The Pyongyang Silk Shop in Mansudae Street of Pyongyang, the capital city of the DPRK, specializes in various kinds of silk products.
On sale there are national costumes, quilts, pillows and ornaments made with diverse silk fabrics like yaksan silk (a kind of figured satin), kuryong silk and rainbow-colored silk.
Silk, widely-known to the world for its lightness, durableness, beautiful pattern and softness, is the traditional textile of Korea.
Korea began to produce silk, along with hemp and ramie fabrics, in the late primitive ages and the ancient times. This fact is proven by earthenware depicting silkworm from the relics dating back to the Neolithic and Bronze ages, discovered in Jitap-ri, Pongsan County, North Hwanghae Province.
Its silk-weaving technique was spread even to Japan in the period of the Three Kingdoms. According to a Japanese history book, Korean technicians had been active in Japan from the 4th-5th centuries to the 7th century to teach how to produce silk.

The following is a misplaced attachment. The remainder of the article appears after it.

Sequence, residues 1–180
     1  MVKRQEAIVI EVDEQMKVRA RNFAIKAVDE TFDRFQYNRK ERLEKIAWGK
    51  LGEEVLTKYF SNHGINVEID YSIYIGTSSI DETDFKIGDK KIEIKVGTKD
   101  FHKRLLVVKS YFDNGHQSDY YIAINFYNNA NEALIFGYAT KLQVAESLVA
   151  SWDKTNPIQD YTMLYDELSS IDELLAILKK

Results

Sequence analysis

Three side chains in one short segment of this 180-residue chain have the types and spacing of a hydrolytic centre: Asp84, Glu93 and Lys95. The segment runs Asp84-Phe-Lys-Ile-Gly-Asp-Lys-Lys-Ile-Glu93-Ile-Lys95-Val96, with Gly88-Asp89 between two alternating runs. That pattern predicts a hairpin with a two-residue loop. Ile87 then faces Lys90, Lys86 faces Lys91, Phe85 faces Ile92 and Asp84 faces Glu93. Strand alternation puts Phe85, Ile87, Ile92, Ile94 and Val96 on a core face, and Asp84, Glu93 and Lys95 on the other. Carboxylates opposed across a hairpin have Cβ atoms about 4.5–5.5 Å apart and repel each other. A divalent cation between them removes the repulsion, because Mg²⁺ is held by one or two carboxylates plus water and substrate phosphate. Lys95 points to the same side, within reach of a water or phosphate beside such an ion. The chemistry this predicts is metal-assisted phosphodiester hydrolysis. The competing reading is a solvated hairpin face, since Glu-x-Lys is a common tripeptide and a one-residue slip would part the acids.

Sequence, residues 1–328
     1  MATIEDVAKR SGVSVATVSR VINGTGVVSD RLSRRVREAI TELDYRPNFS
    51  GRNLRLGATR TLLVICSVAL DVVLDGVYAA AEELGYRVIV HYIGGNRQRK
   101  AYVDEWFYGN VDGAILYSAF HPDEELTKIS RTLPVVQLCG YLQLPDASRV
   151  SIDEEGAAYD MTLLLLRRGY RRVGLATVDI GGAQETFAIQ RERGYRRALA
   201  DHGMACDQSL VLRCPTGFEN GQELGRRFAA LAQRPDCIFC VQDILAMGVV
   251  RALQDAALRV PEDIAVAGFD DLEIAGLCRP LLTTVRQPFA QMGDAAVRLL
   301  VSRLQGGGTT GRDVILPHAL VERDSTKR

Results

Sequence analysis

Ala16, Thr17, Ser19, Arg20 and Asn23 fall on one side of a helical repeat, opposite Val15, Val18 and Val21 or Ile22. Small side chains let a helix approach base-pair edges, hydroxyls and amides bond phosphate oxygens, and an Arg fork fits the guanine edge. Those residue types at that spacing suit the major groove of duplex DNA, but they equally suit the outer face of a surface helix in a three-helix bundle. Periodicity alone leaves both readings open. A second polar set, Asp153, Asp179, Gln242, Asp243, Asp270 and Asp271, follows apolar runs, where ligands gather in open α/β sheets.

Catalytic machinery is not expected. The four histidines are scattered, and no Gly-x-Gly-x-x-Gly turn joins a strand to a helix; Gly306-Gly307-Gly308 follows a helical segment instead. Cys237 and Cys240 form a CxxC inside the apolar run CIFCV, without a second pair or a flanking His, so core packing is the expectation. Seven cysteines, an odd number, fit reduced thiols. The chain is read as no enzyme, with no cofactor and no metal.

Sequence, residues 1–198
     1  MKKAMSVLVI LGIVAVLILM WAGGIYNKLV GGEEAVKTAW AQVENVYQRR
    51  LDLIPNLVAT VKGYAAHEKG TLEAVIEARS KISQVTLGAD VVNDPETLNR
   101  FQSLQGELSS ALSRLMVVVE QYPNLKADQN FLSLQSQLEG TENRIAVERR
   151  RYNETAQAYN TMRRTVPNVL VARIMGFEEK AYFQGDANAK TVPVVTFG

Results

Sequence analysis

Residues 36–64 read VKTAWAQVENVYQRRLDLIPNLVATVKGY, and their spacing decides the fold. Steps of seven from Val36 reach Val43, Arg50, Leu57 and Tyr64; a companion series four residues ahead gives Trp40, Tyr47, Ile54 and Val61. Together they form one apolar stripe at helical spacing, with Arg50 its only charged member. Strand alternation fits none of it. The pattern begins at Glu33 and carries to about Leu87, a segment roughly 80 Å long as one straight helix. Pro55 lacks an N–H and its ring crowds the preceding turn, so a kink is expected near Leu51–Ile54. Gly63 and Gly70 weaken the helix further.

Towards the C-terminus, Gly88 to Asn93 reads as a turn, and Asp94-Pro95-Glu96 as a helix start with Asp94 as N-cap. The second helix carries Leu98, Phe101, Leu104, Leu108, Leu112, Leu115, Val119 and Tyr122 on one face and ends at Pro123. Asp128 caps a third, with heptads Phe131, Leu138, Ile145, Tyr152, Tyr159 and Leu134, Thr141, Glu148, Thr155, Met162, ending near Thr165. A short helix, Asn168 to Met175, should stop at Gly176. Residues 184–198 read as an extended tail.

The silk-producing technique further developed in the period of Koryo Kingdom (918-1392). And silk products were exported not only to neighboring countries but also to the Middle East, getting widely known as “Koryo Silk”.
There appeared a large number of areas cultivating mulberry and silk production bases during the Feudal Joson Dynasty (1392-1910).
Today, the Nyongbyon and Pakchon silk mills in North Phyongan Province are noted for silk production bases in the country.